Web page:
OMB e-Government Scorecard Lacks Essential Citizens Perspective, Says Report by ForeSee Results

Citizen Satisfaction with e-Government Plateaus For the Year After Slight Gain in Fourth Quarter

ANN ARBOR, Mich.--()--One month after the Office of Management and Budget issued the fourth quarter scorecard with mixed results for the Presidents Management Agenda, the American Customer Satisfaction Index (ACSI) e-Government Satisfaction Index released fourth quarter scores that show only slight improvement and a stagnating trend. Aggregate citizen satisfaction with the 87 federal websites measured improved 0.3 percent from last quarter to 73.9 on the ACSIs 100-point scale. However, the fourth quarter score is unchanged from one year ago. Over the past year, the aggregate e-government satisfaction score has varied by just a half point, after three years of sustained increases.

E-government is one of the five main initiatives measured in the OMBs quarterly scorecard, but ACSI partner ForeSee Results says the rating is incomplete if it does not reflect citizen satisfaction, because satisfaction is the critical factor in achieving widespread e-government adoption that will streamline delivery of services, improve quality and attain cost-savings.

As a former CTO, I can tell you that standards, compliance and security are all good things, but a scorecard based only on these components is missing the citizens perception of the web experience, said Larry Freed, president and CEO of ForeSee Results and author of the ACSI E-Government report. The most crucial factor in whether e-government will achieve its promise is whether citizens feel it meets their needs and expectations if not, theyll stick with more expensive and less convenient ways of dealing with the government. And the only way to know if youre meeting those goals is through measurement based on direct citizen feedback.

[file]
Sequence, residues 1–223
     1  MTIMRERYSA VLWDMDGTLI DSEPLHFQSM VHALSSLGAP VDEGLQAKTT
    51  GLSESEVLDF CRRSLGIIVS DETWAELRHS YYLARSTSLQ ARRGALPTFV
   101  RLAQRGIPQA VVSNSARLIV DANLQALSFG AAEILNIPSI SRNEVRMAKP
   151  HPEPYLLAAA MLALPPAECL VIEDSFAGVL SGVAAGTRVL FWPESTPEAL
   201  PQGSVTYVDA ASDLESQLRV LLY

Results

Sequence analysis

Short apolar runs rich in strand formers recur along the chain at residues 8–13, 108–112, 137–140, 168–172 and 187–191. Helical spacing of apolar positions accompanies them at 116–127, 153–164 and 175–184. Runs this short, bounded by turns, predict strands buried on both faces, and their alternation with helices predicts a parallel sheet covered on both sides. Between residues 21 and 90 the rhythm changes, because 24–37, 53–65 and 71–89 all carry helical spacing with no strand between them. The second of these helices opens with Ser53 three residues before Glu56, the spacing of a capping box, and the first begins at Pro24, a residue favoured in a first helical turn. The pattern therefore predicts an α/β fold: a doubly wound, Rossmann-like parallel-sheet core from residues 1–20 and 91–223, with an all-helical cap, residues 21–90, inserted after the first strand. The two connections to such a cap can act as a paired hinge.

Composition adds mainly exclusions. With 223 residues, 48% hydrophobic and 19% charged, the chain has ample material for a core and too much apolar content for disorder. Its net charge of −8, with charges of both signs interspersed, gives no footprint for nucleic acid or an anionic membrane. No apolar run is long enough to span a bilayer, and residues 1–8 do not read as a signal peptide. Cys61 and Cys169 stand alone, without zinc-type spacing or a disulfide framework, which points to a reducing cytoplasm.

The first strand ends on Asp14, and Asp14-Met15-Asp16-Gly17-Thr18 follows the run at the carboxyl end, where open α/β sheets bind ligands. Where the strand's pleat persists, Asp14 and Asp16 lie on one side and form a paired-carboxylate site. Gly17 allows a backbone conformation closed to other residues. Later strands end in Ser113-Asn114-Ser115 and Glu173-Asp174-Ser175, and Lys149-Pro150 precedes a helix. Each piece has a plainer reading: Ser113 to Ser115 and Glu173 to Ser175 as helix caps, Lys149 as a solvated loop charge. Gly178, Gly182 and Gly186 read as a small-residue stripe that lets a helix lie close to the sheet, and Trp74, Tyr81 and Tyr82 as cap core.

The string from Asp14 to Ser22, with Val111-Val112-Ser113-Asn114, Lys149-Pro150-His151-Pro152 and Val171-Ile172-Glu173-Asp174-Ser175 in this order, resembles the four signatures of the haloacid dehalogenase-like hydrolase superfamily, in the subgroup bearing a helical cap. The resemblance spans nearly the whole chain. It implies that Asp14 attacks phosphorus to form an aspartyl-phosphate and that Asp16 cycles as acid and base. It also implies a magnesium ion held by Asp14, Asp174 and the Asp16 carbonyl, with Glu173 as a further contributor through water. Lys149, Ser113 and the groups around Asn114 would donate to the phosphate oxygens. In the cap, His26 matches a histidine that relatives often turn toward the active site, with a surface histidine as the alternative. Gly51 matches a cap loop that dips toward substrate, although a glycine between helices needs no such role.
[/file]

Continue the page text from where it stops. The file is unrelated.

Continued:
Compounding the challenges to e-government is that citizen expectations are influenced by the private sector. Citizen expectations are shaped by the sum total of other websites they visit from Amazon.com to their online banking sites, not only government websites. Amid budgetary constraints, it can be particularly difficult for e-government to keep pace with the deep pockets of the private sector in terms of innovation and improvement.

Comparing functional categories, government websites remained within striking distance of their private sector counterparts also measured by the ACSI. The category of government portals and department main sites scored 74.9, a 0.1 percent increase from last quarter, but 1 percent higher year-over-year. This puts e-government 1.4 percent behind private sector Portals (76). In the News and Information sites category, e-gov scored 72.9 (+0.3% from third quarter and +0.5% year-over-year), virtually even with private sector peers, which dropped 2.7 percent last year to 73.

The one exception is for e-commerce/transactional sites, where strong performance by the private sector resulted in a score of 80, far ahead of e-gov at 74.5 (unchanged from last quarter, but down 1% for the year). This is an important category to monitor as government migrates more business functions, such as forms distribution, registration, and e-commerce, to the web channel. The e-government career/recruitment category scored 77.2, unchanged from last quarter but up 1.6 from a year ago.